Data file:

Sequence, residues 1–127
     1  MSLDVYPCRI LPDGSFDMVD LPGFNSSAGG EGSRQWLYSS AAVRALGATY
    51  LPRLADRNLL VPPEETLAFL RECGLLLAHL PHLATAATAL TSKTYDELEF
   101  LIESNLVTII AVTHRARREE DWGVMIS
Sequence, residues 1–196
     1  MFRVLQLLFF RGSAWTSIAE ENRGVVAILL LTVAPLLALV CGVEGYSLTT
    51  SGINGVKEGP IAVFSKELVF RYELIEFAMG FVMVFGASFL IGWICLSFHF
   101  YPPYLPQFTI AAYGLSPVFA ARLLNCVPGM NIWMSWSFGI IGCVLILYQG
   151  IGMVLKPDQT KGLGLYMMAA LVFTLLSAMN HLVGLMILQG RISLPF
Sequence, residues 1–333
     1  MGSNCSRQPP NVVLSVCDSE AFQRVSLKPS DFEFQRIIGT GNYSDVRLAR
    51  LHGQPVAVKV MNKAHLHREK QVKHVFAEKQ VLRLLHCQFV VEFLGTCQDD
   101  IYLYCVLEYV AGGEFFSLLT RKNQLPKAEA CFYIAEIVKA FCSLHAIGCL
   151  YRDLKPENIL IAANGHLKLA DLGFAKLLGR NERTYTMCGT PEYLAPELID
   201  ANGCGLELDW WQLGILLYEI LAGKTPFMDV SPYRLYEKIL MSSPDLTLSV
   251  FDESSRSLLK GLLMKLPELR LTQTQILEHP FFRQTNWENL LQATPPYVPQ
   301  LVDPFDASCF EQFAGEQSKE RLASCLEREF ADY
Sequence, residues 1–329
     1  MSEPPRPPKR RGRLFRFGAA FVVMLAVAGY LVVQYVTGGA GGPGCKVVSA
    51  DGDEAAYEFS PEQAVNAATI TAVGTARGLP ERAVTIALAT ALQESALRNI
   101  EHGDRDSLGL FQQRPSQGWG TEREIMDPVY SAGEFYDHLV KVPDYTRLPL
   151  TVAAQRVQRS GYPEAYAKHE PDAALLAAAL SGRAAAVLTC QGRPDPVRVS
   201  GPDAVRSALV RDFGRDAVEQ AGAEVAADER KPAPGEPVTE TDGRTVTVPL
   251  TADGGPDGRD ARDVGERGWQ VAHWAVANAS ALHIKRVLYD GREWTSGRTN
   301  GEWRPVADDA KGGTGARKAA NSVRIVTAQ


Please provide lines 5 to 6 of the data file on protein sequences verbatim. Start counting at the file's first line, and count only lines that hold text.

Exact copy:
Sequence, residues 1–196
     1  MFRVLQLLFF RGSAWTSIAE ENRGVVAILL LTVAPLLALV CGVEGYSLTT